‘Dungeons & Dragons: Honor Among Thieves’ Proves Chris Pine Can Save Anything
Swords. Sorcery. Multi-sided dice. The dubious title of “Dungeon Master.” Tiny, pewter miniatures of warriors, wizards, and assorted mythological creatures. Basement rec rooms. Groups of teenage dudes — not exclusively dudes, but almost always dudes — huddled around battle maps and books of grid paper. These are the things that most folks immediately think of when they hear the name Dungeons & Dragons, the role-playing game that’s turned generations into die-hard fantasy fanatics during their formative years. It’s also gotten a bad rap, since it’s become a shorthand for a certain type of outdated caricature of mouth-breathing dweebdom. No matter how many celebrities publicly wax poetic about their D&D campaigns with famous friends, many still associate it with freaks, geeks, and the cast of Stranger Things. To paraphrase one of the great intellectuals of the 21st century, you’re not hardcore unless you nerd out hardcore.
“We made this movie for everybody,” Jonathan Goldstein, one half of the duo behind Dungeons & Dragons: Honor Among Thieves, told the crowd at the film’s opening-night premiere of this year’s SXSW Film and TV Festival. His co-director, John Francis Daley — no stranger to D&D — echoed the sentiment numerous times as well. It sounded like a plea: Guys, we know you think this is going to be nothing but inside jokes and deep cuts aimed at those who understand the difference between a Beholder and a Basilisk. Seriously, though, you can come in knowing absolutely nothing about any of this. I mean, sure, there will be Easter eggs. Gotta have fan service. But just think of this as your average mash-up of Lord of the Rings, Harry Potter, Game of Thrones, some MCU flotsam and jetsam, and all those ’80s action-comedies all of us used to watch over and over again on DVD. We all love that stuff, right?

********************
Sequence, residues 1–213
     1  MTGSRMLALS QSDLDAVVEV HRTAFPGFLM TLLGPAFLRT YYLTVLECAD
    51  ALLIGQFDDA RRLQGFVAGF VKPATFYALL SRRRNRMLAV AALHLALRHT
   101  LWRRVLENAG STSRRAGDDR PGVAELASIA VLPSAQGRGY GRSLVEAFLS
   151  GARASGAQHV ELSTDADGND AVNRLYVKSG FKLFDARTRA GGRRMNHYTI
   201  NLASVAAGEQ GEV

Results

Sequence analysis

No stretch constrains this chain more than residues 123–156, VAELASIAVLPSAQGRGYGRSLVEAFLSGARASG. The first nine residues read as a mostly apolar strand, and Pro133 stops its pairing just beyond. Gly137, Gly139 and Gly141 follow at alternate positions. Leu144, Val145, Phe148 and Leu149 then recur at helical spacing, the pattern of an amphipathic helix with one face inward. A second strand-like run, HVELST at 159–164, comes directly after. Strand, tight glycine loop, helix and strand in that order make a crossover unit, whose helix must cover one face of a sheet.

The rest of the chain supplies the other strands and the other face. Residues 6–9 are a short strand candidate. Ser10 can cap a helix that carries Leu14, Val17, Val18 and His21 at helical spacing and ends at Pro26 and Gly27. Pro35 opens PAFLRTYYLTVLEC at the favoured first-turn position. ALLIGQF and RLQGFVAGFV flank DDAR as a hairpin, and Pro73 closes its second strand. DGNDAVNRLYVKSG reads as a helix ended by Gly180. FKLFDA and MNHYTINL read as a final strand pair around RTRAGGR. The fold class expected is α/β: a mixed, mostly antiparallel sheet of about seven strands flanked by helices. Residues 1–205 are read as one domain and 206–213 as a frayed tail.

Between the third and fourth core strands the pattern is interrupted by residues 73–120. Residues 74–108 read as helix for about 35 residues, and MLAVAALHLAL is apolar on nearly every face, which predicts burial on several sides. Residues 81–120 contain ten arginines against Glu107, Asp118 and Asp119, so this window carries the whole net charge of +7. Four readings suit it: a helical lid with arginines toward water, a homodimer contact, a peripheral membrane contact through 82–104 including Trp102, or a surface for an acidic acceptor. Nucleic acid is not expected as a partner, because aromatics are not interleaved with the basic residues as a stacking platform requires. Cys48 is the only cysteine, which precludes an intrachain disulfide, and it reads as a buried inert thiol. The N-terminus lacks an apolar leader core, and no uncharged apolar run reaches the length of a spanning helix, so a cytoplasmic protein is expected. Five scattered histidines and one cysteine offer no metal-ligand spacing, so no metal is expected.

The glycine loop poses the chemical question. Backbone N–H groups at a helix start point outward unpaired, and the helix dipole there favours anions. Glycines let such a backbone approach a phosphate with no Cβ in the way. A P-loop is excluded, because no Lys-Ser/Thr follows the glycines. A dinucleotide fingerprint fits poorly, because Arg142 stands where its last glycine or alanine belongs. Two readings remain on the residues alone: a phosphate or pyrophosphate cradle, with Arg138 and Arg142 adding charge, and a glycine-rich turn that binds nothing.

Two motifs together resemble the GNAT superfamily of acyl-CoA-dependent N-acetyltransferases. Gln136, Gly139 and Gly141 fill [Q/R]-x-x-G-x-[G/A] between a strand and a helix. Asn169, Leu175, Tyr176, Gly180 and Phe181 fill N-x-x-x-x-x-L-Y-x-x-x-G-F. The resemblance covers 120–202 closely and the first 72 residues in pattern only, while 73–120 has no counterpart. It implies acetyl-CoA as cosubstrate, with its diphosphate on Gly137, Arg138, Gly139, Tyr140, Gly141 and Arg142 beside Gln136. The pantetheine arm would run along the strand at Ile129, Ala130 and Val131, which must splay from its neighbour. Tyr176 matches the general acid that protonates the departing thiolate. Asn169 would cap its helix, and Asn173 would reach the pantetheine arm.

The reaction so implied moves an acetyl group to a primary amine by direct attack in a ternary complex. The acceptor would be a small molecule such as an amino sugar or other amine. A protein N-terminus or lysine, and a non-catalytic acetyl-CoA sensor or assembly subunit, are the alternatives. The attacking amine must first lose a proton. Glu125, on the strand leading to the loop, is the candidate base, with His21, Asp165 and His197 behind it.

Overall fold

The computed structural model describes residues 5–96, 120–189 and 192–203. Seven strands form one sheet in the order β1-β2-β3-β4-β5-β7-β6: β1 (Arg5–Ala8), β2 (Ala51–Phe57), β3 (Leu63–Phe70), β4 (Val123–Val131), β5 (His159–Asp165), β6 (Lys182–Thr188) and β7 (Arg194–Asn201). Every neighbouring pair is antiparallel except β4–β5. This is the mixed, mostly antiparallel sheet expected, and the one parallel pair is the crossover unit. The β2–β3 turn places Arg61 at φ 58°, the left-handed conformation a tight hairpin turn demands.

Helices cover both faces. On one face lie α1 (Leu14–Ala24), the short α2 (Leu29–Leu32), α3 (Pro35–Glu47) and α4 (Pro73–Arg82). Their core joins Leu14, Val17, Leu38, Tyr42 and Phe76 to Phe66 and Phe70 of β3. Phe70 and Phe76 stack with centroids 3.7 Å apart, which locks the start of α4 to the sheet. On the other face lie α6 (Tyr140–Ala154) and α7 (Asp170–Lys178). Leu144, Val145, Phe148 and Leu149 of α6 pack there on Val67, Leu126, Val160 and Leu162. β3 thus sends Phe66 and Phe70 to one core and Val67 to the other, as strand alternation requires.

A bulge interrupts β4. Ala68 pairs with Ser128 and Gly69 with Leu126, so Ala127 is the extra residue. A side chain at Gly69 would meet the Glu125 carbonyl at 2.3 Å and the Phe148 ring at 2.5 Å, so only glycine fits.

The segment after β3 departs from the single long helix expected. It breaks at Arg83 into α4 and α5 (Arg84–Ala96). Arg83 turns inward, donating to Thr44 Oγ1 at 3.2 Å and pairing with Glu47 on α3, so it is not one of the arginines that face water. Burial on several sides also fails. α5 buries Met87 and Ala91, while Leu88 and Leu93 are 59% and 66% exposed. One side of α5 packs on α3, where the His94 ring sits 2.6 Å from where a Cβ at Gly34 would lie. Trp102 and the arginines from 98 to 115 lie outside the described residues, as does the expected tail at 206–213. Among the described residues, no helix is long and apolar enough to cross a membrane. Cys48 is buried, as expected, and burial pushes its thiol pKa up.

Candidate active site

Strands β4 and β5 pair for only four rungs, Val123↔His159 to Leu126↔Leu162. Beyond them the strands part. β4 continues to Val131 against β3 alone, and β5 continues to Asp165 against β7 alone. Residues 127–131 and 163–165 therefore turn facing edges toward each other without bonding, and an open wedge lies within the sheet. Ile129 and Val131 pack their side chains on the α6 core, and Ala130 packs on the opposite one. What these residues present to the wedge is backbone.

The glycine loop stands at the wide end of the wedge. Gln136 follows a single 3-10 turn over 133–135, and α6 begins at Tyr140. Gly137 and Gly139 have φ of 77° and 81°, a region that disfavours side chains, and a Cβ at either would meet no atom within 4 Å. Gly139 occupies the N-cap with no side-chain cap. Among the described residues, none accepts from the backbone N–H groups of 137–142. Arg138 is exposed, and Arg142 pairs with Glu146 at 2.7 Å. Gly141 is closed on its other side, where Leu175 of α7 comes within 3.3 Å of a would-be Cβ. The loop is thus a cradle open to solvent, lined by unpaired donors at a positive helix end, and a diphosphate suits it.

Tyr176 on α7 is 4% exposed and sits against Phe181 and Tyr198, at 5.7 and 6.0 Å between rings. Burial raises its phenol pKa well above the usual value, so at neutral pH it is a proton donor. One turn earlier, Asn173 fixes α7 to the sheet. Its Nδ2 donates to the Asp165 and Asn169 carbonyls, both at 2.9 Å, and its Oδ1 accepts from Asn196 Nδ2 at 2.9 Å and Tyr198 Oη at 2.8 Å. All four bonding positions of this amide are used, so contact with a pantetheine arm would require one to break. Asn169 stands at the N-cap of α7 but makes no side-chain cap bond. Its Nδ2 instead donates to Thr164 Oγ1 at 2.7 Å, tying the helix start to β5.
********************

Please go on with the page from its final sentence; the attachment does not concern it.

Well, yes, we do (some of those elements more than others), and you can bet that the SXSW audience who crowded into the Paramount Theatre sure did. Big-name studio comedies, horror flicks, and genre-friendly blockbusters always play like pop concerts at this Austin festival, even when they aren’t kicking off the first portion of the movies/music/multimedia event. Honor Among Thieves happens to fall into all three of those categories, which made it an ideal opening-night selection — even if that’s the only time “ideal” can really be applied to this admittedly better-than-it-ought-to-be casserole of fantasy film leftovers.
So there are these two thieves named Edgin (Chris Pine) and Holga (Michelle Rodriguez). They’ve been jailed for trying to steal this totem known as the Tablet of Reawakening, along with their sorcerer-buddy Simon (Justice Smith), and a con man known as Forge (Hugh Grant). It was all a set-up, see, and plays into this whole revenge plot involving Edgin, his estranged daughter, a dead wife, a guild of spies known as “Harpers,” and some nasty wielders of dark magic known as Red Wizards.
[These Red Wizards, for the record, come from the country of Thay and can cast third-level arcane spells. Pretty dope necromancers, to say the least. They are ruled by the Council of Zulkirs and count the dreaded Szass Tam, a much-feared “lich,” among their ranks. Again, you don’t need to know this. The movie is for everybody, guys. We now return you to this review, already in progress.]
When these two heroic cellmates stage a jailbreak, they find out that “Uncle” Forge has been tricking Edgin’s kid, Kira (Chloe Coleman) into thinking she’d been betrayed and abandoned. Worse, a supernatural weirdo named Sofina (Daisy Head), who had been hanging around before they got nabbed, has her own plans regarding the tablet, and — spoiler — those plans do not involve anything remotely good. Once they reunite with Simon, the trio head out in search of some artifacts that will help defeat the Sofina/Forge alliance and save Kira. Aiding them in their quest is Doric (It’s Sophia Lillis), a shapeshifter, and the mighty paladin Xenk Yendar (Regé-Jean Page). Also there’s overweight dragons and talking corpses and flaming scepters and gelatinous cubes that, to be fair, will help you escape a panther with killer tendrils if you’re stuck in a maze.